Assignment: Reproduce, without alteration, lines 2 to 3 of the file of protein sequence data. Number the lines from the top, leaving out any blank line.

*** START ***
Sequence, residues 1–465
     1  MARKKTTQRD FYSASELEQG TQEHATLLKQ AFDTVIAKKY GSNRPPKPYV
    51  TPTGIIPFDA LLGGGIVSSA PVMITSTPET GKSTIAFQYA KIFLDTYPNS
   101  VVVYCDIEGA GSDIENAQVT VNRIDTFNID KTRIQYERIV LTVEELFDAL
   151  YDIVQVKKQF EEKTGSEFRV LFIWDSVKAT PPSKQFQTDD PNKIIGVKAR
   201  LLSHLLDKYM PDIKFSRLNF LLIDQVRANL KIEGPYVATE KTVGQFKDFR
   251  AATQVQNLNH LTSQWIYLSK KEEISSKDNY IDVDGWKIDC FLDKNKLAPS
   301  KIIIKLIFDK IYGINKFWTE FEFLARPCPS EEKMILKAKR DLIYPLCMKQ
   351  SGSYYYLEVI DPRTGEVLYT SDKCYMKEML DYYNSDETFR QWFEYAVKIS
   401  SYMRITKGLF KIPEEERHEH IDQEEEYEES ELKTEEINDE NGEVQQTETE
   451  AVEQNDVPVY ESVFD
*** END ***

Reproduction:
     1  MARKKTTQRD FYSASELEQG TQEHATLLKQ AFDTVIAKKY GSNRPPKPYV
    51  TPTGIIPFDA LLGGGIVSSA PVMITSTPET GKSTIAFQYA KIFLDTYPNS